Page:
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Award Detail

Doing Business As Name:University of Maryland College Park
  • Jeffery B Klauda
  • (301) 405-1320
Award Date:06/02/2020
Estimated Total Award Amount: $ 150,000
Funds Obligated to Date: $ 150,000
  • FY 2020=$150,000
Start Date:06/15/2020
End Date:05/31/2022
Transaction Type:Grant
Awarding Agency Code:4900
Funding Agency Code:4900
CFDA Number:47.049
Primary Program Source:040100 R&RA CARES Act DEFC N
Award Title or Description:EAGER: Collaborative Research: Design of Inhibitors for ORF7a and ORF7b Oligomerization in COVID-19
Federal Award ID Number:2029900
DUNS ID:790934285
Parent DUNS ID:003256088
Program:Chemistry of Life Processes
Program Officer:
  • Catalina Achim
  • (703) 292-2048

Awardee Location

Street:3112 LEE BLDG 7809 Regents Drive
County:College Park
Awardee Cong. District:05

Primary Place of Performance

Organization Name:University of Maryland
Street:Chem/Nuc Bldg 090 4418Stadium Dr
City:College Park
County:College Park
Cong. District:05

Abstract at Time of Award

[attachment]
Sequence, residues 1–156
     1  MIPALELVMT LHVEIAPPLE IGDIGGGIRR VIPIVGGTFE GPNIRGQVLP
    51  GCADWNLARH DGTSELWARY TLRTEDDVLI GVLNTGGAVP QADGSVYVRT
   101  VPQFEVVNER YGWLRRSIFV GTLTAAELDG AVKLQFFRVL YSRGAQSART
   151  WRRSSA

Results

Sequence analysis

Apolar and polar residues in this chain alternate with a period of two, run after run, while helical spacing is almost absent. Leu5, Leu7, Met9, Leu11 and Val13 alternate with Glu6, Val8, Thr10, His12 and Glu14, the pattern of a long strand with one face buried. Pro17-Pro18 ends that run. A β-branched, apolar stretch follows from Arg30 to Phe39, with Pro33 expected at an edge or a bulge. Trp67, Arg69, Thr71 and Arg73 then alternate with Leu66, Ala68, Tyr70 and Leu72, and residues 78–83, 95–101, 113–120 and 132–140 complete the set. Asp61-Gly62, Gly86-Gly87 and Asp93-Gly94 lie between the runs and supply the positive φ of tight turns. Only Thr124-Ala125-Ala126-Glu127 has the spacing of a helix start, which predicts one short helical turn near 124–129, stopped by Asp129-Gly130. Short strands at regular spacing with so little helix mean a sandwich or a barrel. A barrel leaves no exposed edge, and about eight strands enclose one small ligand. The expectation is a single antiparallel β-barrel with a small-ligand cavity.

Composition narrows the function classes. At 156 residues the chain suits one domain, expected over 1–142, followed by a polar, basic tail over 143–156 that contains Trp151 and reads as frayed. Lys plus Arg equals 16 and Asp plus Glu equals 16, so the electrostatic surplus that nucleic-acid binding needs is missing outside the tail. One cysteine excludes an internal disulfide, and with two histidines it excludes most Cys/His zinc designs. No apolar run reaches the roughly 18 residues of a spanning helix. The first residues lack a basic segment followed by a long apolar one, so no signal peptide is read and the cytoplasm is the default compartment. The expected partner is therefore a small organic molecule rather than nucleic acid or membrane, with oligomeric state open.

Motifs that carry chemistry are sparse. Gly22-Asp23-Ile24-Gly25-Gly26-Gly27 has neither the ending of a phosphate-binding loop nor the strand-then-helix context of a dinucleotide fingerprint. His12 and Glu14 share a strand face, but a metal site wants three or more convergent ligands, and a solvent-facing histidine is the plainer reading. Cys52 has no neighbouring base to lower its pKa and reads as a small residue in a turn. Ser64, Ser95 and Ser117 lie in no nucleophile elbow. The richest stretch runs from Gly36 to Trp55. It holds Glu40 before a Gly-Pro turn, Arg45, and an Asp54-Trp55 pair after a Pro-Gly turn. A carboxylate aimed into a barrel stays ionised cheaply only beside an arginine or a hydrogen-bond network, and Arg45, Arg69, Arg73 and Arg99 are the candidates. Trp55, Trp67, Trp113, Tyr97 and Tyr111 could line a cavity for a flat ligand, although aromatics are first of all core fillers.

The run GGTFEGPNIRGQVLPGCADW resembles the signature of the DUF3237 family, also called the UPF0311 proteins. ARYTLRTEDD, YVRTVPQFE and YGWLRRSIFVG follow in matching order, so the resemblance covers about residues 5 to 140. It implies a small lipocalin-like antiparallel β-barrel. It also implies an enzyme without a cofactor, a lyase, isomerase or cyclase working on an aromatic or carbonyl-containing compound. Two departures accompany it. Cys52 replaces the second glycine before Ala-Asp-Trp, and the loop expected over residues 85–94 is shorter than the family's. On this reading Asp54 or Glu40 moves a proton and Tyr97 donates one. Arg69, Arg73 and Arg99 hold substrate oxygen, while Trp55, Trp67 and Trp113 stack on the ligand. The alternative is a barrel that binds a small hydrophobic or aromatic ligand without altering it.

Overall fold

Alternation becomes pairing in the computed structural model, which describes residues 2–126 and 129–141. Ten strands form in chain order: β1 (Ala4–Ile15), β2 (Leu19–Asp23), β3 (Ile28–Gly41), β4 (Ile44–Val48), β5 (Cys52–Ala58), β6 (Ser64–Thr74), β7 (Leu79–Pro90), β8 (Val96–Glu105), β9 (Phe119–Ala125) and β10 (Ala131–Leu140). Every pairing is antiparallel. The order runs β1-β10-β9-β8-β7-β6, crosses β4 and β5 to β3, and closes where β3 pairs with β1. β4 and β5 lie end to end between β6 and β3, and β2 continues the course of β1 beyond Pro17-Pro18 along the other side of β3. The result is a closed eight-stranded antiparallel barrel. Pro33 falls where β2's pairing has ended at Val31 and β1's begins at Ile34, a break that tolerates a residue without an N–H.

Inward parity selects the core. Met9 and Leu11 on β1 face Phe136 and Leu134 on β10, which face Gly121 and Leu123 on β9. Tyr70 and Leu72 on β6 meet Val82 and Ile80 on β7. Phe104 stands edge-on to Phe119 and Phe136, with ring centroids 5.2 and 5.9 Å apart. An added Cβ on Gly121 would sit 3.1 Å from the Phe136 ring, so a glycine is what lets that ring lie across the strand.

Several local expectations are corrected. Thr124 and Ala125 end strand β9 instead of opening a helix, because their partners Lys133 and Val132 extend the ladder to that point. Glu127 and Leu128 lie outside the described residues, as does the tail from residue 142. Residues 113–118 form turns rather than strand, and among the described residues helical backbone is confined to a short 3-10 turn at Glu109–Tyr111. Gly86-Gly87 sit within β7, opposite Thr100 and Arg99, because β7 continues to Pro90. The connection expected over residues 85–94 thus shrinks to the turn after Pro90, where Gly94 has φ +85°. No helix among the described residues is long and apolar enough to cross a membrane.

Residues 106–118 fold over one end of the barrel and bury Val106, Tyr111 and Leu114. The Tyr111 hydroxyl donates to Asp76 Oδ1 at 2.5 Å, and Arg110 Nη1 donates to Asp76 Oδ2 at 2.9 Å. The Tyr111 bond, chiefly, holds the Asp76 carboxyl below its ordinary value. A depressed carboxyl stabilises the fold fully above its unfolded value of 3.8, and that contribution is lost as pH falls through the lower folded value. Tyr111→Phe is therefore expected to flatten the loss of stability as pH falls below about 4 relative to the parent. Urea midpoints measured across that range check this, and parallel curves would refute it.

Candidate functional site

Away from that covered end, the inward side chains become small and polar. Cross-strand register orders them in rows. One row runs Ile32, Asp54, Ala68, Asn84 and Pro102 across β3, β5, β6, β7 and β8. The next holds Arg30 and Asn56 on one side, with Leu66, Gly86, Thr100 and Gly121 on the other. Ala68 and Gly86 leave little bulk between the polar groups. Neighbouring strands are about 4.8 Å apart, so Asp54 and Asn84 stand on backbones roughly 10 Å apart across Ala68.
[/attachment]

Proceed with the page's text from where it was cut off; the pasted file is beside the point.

With this award, the Chemistry of Life Processes Program in the Chemistry Division and the Chemical and Biochemical Engineering Program in the Chemical, Bioengineering, Environmental and Transport Systems Division are funding Dr. Bryan Berger (University of Virginia) and Dr. Jeffery Klauda (University of Maryland) to investigate two proteins named ORF7a and OR7b from the COVID19 virus that have been implicated in how harmful the virus is to its host, e.g. the human cells. The research will focus on how these two proteins form larger protein complexes that in turn affect the interactions between the virus and the infected cells and influence the immune response of the host. The research informs the development of peptides that could be used to probe the viral propagation. The research is based on the use of a combination of computational and experimental methods. Dr. Berger and Dr. Klauda distribute to the scientific community free of charge through Addgene the plasmids and associated protocols developed for this project, thus enabling the global scientific community that works on finding a solution to the current pandemic and to minimizing the possibility of future outbreaks to quickly use the outcomes of their research. This work will provide training for post-doctoral fellows working on critical challenges using state-of-the-art experimental and computational methods. The results of the research will be disseminated by the team to the greater community through conferences and workshops at University of Virginia and University of Maryland and through publications. The researchers also plan to inform and educate students on possible mechanisms of virus transmission and prevention by participation in existing outreach programs at their Institutions. This research project seeks to understand the basis of specificity for transmembrane and juxtamembrane oligomerization of ORF7a with BST-2 and for homooligomerization of ORF7b. Using bacterial transcriptional assays for membrane protein dimerization based on the E. coli AraC protein (AraTM and DN-AraTM assays), the researches determine specific amino acid residues and structural motifs responsible for the protein oligomerization in bacterial membranes. This knowledge informs computational models for formation of BST-2/ORF7a heterooligomers and ORF7b homooligomers. In turn, the computational models are used to make critical new predictions of sequences for transmembrane peptides that could influence protein-protein interactions involving ORF7a and ORF7b. These predictions and the properties of the peptides are tested by synthesizing peptide libraries and using AraTM, DN-AraTM, and mammalian, cell-based fluorescence resonance energy transfer assays. Validation of candidate sequences are achieved using mammalian cell-based assays for BST-2 function and apoptosis. The results of these studies could provide high-resolution, experimentally validated models for OR7a and ORF7b homo and heterooligomerization, as well as peptide sequences that can be used to probe the roles of ORF7a and ORF7b in viral propagation in vivo. This grant is being awarded using funds made available by the Coronavirus Aid, Relief, and Economic Security (CARES) Act supplement allocated to MPS and ENG. This award reflects NSF's statutory mission and has been deemed worthy of support through evaluation using the Foundation's intellectual merit and broader impacts review criteria.

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